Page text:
Thursday, December 20, 2012

Revisiting the Walker Case: Old Posts Never Die

coldblood
Richard Hickock & Perry Smith
In the comments of this post from 2008, "Lonnie" reminds me I never followed through on this.  Now it seems investigators are giving this case another, another look.  Now I have to admit, I haven't followed this case very carefully due to lack of information coming out.  The last I heard, two of the original suspects were cleared by the DNA evidence.  The primary suspect was a cousin of Mr. Walker's who was believed to have been having an affair at one time with Christine Walker.  The affair likely didn't happen and the DNA cleared the suspect.  The other man who was cleared was Cliff Walker's friend, Don McLeod  the man who discovered the crime.  The investigators still had about 20 suspects to test.  With this latest news of the exhumation of Hickock and Smith for testing, I can only assume the other twenty people have been cleared as well.  In all, 30 suspects have been ruled out.  Now they are exhuming the bodies of the Hickock and Smith and personally, I think this is a high profile waste of time.  

Friday, December 14, 2012

Post #100! Catching up with the Jordans



As the title says this is post number 100 for the old Inspector.  Remember all the way back in 2008?  I wrote my first post about the assault of Mrs. Bell Jordan, which occurred on the morning of October 31st, 1911, in Mount Pleasant, Iowa.  This was just a day later then the two-week "schedule" the killer seemed to be keeping starting in Colorado Springs.  I noted in that article that there had been a prowler along the tracks a day before and a few days after the assault on Mrs. Jordan.  This prowler tried to enter a grocery store and was heard tapping on windows of other houses in the neighborhood around the railroad tracks.  Whether or or not this was all the work of the same person is not known.  At the time I was writing that post, I believed this was a botched attempt at murder by the Midwest Axeman.  Today I do not.  But first, a little bit more about the Jordans...

Thursday, December 6, 2012

Forensics on Trial


Watch Forensics on Trial on PBS. See more from NOVA.

My comments after the break.

Wednesday, October 31, 2012

Descending from Evil: The Story of Herman Webster Mudgett

Descending from Evil: The Story of Herman Webster Mudgett:
I found this article and interview very interesting.  This is the kind of story I'm after with regard to the Midwest Axeman.  To date I have found only a handful of descendants/relatives of victims and unfortunately, very few of them really know anything about the crimes.  I'm still convinced, that somewhere in the U.S. is a person, or persons, with a family story of a kind of strange uncle or cousin who collected odd nick-knacks like old keys or earrings.  Maybe a hair pin or broken key chain.  A guy who was shy around women and restless at night, possibly pacing around the house.  Anybody have a family story like that, from around the 1920's?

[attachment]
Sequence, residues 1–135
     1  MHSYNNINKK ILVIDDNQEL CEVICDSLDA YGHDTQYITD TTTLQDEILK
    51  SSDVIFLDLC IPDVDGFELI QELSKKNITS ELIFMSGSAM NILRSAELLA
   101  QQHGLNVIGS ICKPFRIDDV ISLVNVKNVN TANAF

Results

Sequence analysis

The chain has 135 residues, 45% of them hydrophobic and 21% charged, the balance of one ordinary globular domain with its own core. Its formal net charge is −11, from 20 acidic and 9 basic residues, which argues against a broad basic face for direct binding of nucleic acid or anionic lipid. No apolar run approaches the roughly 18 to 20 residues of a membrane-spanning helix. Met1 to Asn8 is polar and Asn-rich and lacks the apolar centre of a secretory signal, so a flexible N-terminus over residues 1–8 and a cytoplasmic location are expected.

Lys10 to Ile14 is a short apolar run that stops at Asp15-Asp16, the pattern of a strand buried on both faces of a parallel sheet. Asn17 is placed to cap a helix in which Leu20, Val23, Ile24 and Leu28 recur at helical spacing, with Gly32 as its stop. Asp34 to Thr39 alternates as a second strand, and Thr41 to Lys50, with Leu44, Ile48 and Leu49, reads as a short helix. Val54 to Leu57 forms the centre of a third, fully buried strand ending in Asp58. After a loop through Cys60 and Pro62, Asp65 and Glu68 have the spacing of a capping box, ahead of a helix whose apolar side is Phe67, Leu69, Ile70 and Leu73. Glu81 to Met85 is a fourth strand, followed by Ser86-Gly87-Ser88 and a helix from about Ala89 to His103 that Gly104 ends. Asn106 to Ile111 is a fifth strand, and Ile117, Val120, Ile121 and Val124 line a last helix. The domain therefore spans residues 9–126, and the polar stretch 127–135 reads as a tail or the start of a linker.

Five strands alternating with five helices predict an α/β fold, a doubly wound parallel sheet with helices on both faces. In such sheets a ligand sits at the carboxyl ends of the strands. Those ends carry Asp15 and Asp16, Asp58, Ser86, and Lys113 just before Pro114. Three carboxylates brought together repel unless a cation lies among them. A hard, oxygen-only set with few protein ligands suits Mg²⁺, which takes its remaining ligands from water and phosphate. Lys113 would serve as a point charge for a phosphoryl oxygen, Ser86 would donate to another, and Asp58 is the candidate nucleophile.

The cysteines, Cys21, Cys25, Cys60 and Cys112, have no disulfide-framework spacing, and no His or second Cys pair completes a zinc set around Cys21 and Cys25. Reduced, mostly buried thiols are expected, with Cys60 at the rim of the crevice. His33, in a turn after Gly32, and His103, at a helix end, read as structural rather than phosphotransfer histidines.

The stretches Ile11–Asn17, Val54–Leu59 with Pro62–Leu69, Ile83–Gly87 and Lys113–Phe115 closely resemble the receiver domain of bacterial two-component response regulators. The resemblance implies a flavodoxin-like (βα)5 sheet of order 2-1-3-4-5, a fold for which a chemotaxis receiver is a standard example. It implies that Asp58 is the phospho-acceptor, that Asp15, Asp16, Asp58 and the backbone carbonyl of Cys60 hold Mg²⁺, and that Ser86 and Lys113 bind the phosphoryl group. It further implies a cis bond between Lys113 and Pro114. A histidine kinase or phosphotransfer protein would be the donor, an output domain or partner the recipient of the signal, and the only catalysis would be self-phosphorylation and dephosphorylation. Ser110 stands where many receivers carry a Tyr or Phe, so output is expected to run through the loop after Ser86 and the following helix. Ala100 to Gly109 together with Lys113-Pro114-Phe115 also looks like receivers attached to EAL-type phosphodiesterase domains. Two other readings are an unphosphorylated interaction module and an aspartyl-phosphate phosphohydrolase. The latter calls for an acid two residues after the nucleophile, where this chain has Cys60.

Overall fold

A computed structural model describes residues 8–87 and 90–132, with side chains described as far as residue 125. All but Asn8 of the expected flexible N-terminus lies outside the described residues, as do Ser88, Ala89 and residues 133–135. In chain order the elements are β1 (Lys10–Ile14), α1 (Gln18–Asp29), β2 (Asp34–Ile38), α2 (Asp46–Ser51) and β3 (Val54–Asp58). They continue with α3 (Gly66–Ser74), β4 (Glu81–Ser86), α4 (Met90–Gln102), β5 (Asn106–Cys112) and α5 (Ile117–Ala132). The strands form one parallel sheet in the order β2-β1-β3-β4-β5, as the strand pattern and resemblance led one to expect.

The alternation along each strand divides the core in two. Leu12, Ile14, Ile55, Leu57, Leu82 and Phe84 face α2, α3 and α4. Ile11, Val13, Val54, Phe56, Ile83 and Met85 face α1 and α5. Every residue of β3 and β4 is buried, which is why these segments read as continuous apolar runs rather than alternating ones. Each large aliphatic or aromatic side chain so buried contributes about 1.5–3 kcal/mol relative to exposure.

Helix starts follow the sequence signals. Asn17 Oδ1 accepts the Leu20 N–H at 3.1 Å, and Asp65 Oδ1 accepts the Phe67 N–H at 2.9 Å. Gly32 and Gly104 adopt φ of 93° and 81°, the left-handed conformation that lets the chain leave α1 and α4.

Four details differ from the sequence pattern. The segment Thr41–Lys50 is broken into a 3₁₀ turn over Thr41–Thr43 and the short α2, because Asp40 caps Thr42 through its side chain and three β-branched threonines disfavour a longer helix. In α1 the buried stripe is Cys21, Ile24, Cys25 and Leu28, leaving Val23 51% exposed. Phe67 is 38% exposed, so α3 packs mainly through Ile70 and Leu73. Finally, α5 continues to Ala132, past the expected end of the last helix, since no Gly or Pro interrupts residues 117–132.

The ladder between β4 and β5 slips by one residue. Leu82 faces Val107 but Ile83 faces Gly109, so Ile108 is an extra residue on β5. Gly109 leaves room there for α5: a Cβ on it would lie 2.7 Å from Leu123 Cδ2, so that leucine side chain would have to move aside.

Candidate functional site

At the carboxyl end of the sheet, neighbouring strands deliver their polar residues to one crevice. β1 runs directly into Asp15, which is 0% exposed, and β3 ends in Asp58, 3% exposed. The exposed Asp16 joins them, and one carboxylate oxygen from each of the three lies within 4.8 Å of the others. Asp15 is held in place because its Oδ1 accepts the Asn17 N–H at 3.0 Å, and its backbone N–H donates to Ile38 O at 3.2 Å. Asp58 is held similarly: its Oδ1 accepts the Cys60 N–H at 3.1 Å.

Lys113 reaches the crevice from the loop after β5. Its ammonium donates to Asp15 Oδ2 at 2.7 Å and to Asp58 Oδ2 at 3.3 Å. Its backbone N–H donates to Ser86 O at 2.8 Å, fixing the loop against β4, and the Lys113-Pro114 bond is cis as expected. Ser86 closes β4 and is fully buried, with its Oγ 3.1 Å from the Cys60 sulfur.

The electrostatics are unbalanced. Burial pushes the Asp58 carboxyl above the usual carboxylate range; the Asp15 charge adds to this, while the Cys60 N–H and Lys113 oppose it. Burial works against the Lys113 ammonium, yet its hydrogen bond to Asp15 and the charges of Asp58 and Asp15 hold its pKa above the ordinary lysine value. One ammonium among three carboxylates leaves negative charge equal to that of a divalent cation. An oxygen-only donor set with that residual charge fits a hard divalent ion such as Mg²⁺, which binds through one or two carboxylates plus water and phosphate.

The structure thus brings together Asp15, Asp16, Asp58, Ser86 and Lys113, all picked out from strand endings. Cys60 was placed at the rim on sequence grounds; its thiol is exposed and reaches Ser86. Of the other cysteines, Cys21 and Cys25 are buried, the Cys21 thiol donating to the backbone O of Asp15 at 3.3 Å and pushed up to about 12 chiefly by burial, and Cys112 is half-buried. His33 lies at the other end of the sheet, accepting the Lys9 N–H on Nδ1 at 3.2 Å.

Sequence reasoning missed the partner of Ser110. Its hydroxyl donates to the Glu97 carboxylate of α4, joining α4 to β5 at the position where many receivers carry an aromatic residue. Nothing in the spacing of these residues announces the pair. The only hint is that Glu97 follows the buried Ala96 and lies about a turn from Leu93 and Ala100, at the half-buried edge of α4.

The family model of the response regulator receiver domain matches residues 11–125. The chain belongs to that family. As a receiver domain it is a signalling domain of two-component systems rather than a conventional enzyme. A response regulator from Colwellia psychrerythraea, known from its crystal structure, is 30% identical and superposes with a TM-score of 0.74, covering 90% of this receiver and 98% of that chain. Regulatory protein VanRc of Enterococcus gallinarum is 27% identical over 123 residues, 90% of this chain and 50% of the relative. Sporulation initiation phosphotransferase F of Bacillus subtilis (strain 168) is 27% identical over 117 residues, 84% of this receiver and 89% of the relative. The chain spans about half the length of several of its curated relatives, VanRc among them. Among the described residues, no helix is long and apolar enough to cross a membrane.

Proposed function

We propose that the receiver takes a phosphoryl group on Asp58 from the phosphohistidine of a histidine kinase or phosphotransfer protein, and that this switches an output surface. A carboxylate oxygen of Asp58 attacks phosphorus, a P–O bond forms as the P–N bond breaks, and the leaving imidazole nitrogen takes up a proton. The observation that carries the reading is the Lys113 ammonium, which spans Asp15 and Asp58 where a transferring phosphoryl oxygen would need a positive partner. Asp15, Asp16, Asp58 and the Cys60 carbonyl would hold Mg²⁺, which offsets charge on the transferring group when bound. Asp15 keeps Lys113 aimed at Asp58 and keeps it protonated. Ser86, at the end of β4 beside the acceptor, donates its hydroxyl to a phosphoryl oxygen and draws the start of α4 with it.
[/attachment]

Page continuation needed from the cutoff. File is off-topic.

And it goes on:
Wednesday, October 24, 2012

Other Axe Murders – The Axeman of New Orleans


I have received a few emails asking about other, possibly related crimes.  The two most spoken about are the Louisiana-Texas Axe murders and the Axeman of New Orleans.  Now I have some thoughts on both of these subjects but I’m going to address the New Orleans case for now.  For those of you who might be unfamiliar with it, during the years of 1918 and 1919 an unknown assailant was breaking into peoples houses in New Orleans and assaulting them. Usually the weapon, an hatchet or axe, belonged to the victim.  This case is made colorful by the inclusion of a strange letter sent to the Times-Picayune for publication.  The header is an obvious reference to the Whitechapel ripper murders of 1888 and the notorious “Lusk Letter” which was addressed “From Hell.”  The Axeman letter starts out “Hell, March 13, 1919.”  As if the Axeman was some kind of toe-tapping "Angel of Death" on Passover (which was a month away FWIW) the letter demanded the citizens of New Orleans to play jazz music in their homes on the night of March 19th in order to avoid a visit from the Axeman.  This letter lead to the writing of the song “Axeman’s Jazz.”  The majority of questions about the Axeman of New Orleans naturally are of the “Do you think they are related” variety.  So, do I think they are related?  No, I do not.